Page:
Classical Connections: Falling Rain

A small rain stick.

Yesterday I was pottering around among the books in the study and among the bookshelves I suddenly came across an old rain-stick, a curious thing which I bought at a Mexican festival on London’s South Bank countless years ago. Perhaps you’ve not yet encountered a rain-stick. It’s a cylindrical object, about thirty inches long and about three inches in diameter and made from the trunk of a particular species of prickly cactus. To make one, you cut out a section of the trunk, remove the spiky thorns and then bash them back into the wood so that they protrude on the inside of the tube. It’s slightly more complicated than this, because the thorns must be arranged in a particular way. The whole thing is left out in the sun to dry and later one end is sealed. Small pebbles or dried beans are poured inside and the other end of the tube is sealed. When the tube is upended, the contents trickle down catching on the thorns as they go.

The oddly satisfying sound is reminiscent of gently falling rain, especially if you hold your ear close to the tube. It’s thought that the rain-stick was invented by the Mapuche, the indigenous inhabitants of present day Chile and Argentina. Similar devices are also found in Asia and Africa where they’re more usually made of bamboo. The Mapuche optimistically believed that sounding the rain-stick could bring about a downfall though whether it actually worked is anyone’s guess.

Like other artifacts originally designed for everyday use, they’re sometimes used as musical instruments, though in the concert hall the sound is barely audible. One of the few orchestral works that features a rain-stick is a thrilling concerto by one of Finland’s most significant living composers.

Kalevi Aho (b. 1949): Sieidi – Concerto for Percussion and Orchestra. Martin Grubinger (perc), Finnish Radio Symphony Orchestra cond. Gustavo Gimeno (Duration: 35:46; Video: 720p HD)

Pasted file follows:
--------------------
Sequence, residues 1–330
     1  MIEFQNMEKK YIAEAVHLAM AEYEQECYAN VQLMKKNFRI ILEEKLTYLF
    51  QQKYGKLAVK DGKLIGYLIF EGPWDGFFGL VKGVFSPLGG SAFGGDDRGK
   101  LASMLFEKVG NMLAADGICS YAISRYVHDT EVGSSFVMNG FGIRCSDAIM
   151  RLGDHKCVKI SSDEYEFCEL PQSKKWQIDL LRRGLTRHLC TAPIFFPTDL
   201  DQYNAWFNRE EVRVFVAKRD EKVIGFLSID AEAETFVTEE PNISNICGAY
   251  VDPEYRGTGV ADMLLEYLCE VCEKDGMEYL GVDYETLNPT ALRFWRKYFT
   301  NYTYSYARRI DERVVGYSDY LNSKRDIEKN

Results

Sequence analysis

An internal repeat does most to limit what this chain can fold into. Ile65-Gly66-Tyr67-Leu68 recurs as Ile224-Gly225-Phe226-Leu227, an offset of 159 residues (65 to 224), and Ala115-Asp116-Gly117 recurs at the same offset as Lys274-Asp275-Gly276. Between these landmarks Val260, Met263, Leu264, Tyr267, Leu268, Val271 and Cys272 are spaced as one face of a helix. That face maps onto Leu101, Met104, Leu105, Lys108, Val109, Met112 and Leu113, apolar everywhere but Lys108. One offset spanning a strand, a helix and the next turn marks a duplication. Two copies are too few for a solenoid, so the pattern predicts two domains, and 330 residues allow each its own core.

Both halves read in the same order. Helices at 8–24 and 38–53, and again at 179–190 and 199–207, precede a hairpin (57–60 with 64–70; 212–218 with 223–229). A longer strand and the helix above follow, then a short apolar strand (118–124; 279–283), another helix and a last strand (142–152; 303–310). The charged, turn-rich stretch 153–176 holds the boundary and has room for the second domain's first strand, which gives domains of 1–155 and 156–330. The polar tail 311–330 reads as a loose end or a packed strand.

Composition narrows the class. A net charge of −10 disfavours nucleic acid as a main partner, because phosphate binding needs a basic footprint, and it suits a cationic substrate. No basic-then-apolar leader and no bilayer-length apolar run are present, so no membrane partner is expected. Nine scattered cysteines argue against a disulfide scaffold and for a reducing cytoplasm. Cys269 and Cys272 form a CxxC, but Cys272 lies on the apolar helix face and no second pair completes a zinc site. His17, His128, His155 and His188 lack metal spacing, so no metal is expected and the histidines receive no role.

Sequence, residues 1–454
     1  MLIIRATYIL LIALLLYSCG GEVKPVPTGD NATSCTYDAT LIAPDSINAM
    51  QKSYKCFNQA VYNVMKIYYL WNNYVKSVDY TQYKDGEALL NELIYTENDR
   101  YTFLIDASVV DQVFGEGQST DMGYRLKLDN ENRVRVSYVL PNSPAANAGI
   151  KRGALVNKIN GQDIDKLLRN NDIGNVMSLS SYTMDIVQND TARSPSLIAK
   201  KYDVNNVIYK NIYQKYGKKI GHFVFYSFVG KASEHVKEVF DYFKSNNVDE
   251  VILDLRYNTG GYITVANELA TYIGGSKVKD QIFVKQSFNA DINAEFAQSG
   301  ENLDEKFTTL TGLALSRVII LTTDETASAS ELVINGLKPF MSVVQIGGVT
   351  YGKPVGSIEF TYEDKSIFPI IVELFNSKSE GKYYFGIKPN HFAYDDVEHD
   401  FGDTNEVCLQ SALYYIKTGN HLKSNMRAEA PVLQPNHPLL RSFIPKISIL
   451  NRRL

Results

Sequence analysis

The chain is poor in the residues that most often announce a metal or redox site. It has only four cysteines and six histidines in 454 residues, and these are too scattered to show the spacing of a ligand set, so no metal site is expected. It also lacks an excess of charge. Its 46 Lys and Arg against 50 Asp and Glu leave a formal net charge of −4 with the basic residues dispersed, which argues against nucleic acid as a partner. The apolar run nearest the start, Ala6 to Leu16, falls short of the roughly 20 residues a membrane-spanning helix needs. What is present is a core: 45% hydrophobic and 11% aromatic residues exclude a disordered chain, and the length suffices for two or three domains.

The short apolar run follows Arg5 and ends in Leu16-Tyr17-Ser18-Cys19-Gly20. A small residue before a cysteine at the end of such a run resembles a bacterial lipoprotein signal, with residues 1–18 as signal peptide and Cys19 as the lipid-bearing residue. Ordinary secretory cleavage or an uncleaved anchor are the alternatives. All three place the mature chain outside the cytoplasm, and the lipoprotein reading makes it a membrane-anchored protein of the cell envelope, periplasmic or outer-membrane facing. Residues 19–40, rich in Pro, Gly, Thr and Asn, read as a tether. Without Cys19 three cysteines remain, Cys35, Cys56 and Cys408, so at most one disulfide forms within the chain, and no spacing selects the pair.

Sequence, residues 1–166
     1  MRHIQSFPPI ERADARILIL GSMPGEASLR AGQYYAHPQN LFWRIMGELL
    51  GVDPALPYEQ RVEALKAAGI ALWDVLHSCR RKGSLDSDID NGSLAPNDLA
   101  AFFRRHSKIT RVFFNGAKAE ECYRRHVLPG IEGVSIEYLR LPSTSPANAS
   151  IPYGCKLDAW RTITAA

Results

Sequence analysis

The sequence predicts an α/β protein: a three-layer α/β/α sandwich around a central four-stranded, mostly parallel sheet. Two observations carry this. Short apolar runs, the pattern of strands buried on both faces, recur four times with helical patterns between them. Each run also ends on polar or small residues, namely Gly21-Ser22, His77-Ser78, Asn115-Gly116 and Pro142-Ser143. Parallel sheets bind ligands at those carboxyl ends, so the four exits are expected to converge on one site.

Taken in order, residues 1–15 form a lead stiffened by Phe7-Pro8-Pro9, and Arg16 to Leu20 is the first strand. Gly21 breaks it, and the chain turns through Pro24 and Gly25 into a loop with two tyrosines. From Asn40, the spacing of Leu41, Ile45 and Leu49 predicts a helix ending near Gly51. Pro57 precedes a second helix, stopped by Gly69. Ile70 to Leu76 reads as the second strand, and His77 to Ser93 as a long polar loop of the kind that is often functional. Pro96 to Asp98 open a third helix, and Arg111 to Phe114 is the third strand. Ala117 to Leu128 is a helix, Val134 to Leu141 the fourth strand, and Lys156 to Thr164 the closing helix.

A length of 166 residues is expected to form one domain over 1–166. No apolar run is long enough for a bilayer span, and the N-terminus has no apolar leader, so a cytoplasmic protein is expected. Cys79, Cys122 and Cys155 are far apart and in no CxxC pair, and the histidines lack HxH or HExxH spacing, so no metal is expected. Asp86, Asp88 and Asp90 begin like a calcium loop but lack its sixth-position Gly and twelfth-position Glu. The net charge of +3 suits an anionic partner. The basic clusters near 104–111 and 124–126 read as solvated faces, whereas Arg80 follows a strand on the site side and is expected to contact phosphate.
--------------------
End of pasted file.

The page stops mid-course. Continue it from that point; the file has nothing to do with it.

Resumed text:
Kalevi Aho is a hugely productive composer and draws on a wide range of musical genres to create his own soundscapes. He is known especially for his large scale works which include seventeen symphonies, thirty concertos, five operas and a great deal of chamber music. This concerto dates from 2010 and uses a wide range of percussion instruments and unusual playing techniques.

Watch out for the appearance of a vibraphone (at 14:30), a large xylophone-like instrument with aluminium bars and motor-driven rotating disks at the top end of its resonator tubes, producing a tremolo effect.

The concerto is performed by the Austrian percussionist who provides a virtuosic display which is nothing short of thrilling. It’s an incredible feat of musical memory too. Towards the end of the concerto the thunderous sounds begin to die away and the work ends in almost total silence with the sound of a rain-stick.

Joseph Schwantner (b. 1943): Concerto for Percussion and Orchestra. Thomas Burritt (perc), Texas Festival Orchestra cond. Vladimir Kulenovic (Duration: 30:56; Video: 1080p HD)

In many societies, the raw elemental power of drums, bells and cymbals has ceremonial, sacred, or symbolic associations. The first drum appeared after someone decided to place a dried animal hide over a frame and then pull it tight so that it vibrated when struck. Perhaps it was invented by accident. Percussion instruments were slow to enter the developing orchestra of the eighteenth century but the timpani (or kettle-drums) were the first, usually in the form of a pair of tuned drums to reinforce the sound at climatic moments. The twentieth century saw the rise of orchestral percussion as never before and composers frequently wrote for a massive battery of instruments requiring a high level of skill to play them.

Joseph Schwantner is a prolific American composer who draws on many different musical traditions such as impressionism, jazz, serialism, African drumming and minimalism. The Concerto for Percussion dates from 1994 and was commissioned by the New York Philharmonic. The soloist uses two groups of percussion, one placed behind the orchestra and used during the first and third movements and another group placed in front of the orchestra for the second. Not only that, but there’s also orchestral percussion and timpani along with piano and harp. The work relies very much on repetitive minimalist approaches with contrasting timbres and textures and uses a wide variety of percussion instruments and playing techniques.

Oh, and if you’d like a rain-stick for your own personal entertainment, you can buy them ready made at Amazon. They come in a variety of styles and sizes and they’re pleasant things to have around the home, especially the brightly decorated varieties. Alternatively, you can hire my own rain-stick for a few days. There would, of course be a modest fee.